What is DeepSpeed Data Efficiency: DeepSpeed Data Efficiency is a library purposely built to make better use of data, increases training efficiency, and improves model quality.
Why use DeepSpeed Data Efficiency: DeepSpeed Data Efficiency offers novel data efficiency techniques to achieve better training efficiency and/or better model quality. DeepSpeed Data Efficiency takes extensibility, flexibility, and composability into consideration, which makes it easier to customize the techniques, apply the techniques to various training tasks, and compose multiple techniques together. We highly recommend you also to read our blog to learn more about (at a high level) why we build DeepSpeed Data Efficiency and what benefits it provides to users. Additional technical details can be found in our papers, “Random-LTD: Random and Layerwise Token Dropping Brings Efficient Training for Large-scale Transformers” which describes the random-LTD technique, and “DeepSpeed Data Efficiency: Improving Deep Learning Model Quality and Training Efficiency via Efficient Data Sampling and Routing” which describes the curriculum learning technique and overall DeepSpeed Data Efficiency framework.
How to use DeepSpeed Data Efficiency: In the following tutorial, the first two sections will describe the data efficiency techniques supported by the library. The third section will describe how to compose the two techniques to achieve even better training efficiency/model quality.
1. Curriculum Learning
1.1 What is Curriculum Learning
Curriculum learning (proposed by Yoshua Bengio et al.) aims to improve training convergence speed by presenting relatively easier or simpler examples earlier during training. Building a curriculum learning solution usually requires two components: the difficulty metric (i.e., how to quantify the difficulty of each data sample) and the pacing function (i.e., how to decide the curriculum difficulty range when sampling next training data batch).
1.2 When to use Curriculum Learning
Curriculum learning has been successfully applied to various training tasks (see details in for example this survey paper), and last year we also released a specific curriculum learning technique (sequence length warmup) for GPT-style model pretraining (see technical details in our paper “The Stability-Efficiency Dilemma: Investigating Sequence Length Warmup for Training GPT Models” published in NeurIPS 2022 and the tutorial for this legacy curriculum learning feature). This new general curriculum learning library inside DeepSpeed Data Efficiency enables users to employ curriculum learning to their models at maximum extensibility: users can easily analyze, index, and sample their training data based on various customizable strategies. Using this library, we were able to explore different CL strategies for GPT-3 and BERT pretraining and identify the best solution that provides up to 1.5x data saving while still maintaining similar model quality.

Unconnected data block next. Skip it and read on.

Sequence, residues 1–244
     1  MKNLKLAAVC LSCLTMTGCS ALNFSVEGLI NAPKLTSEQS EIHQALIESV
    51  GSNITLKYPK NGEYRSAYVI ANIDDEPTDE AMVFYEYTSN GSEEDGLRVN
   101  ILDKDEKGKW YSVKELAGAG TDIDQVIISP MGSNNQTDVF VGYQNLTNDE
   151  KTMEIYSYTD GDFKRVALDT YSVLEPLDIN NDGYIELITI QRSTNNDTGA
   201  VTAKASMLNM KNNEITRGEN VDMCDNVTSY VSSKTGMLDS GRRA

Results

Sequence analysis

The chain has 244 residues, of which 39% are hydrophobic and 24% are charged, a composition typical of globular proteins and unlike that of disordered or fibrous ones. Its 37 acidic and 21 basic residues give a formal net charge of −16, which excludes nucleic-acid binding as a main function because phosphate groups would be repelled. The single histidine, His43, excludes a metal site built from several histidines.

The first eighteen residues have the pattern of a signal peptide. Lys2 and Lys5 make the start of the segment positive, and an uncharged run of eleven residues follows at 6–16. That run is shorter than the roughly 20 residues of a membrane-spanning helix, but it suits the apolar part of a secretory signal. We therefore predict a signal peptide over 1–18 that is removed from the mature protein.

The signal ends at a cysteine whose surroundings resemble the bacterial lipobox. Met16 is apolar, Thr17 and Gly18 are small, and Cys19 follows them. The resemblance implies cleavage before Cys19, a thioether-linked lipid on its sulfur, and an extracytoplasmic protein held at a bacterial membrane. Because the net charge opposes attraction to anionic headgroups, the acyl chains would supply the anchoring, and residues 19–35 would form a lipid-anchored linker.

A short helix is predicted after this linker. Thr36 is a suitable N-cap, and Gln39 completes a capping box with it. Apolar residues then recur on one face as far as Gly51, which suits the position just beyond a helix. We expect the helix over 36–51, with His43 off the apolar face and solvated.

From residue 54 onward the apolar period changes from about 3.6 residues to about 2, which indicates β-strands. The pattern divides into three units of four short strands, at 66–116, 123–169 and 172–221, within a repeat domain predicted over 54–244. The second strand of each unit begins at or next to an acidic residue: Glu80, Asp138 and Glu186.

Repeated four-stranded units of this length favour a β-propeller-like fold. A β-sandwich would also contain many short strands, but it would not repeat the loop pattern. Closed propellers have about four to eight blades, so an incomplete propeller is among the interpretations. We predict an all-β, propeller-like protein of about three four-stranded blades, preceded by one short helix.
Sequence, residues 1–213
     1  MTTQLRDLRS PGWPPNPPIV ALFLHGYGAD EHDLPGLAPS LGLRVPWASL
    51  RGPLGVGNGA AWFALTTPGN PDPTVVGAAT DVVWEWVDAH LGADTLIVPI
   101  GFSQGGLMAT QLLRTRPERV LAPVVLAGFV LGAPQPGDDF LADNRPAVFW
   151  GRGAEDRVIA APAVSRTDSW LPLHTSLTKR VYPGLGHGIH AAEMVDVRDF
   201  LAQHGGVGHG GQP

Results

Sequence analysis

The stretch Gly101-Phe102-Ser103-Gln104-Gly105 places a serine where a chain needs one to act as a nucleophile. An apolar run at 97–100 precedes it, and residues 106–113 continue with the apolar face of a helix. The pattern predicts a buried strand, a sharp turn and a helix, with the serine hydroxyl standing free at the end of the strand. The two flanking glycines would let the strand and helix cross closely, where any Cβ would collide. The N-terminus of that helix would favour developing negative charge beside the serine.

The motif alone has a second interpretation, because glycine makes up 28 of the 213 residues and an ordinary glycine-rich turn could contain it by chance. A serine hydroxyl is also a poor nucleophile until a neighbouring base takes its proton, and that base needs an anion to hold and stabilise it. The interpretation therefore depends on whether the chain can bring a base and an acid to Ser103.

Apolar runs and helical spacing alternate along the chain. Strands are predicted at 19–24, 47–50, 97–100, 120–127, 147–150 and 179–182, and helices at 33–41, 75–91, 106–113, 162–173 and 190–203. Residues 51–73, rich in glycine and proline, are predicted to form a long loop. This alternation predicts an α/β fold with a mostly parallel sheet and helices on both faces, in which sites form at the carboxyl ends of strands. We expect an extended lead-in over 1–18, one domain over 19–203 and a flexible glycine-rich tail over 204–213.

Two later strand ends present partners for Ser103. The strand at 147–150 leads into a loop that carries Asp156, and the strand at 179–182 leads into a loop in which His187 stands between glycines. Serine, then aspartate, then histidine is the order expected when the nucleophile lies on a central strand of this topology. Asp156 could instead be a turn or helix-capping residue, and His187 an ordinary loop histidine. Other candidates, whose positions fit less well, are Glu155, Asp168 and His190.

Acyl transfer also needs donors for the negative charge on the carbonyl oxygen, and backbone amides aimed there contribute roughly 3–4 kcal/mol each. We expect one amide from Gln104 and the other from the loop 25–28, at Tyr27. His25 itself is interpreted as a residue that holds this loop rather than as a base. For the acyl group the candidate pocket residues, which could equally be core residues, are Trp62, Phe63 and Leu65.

1.3 How to use Curriculum Learning
1.3.1 GPT-3 and BERT pretraining
examples/data_efficiency directory in our Megatron-DeepSpeed repo includes our examples of how to apply curriculum learning to GPT-3 and BERT pretraining. There are 3 steps: data analysis, pretraining, and eval/finetuning.
Data analysis: Curriculum learning requires a data analysis before pretraining that calculate the difficulty of each data sample (based on the metric provided by user), and build an index that map difficulty value to corresponding data samples. (There are exceptions: for example the truncation-based sequence length metric can be achieved by data postprocessing without data analysis.) We provide a data analyzer to perform the offline CPU-only data analysis.
examples/data_efficiency/bert/ds_analyze_*.sh are example scripts for GPT-3 and BERT’s data analysis. Our data analyzer employs a simple Map-Reduce scheme. First, at the Map stage the
ds_analyze_*_data_map.sh is used to split the dataset and compute the difficulty value for each data sample. User would need to provide a function to compute the metric (we implement ours in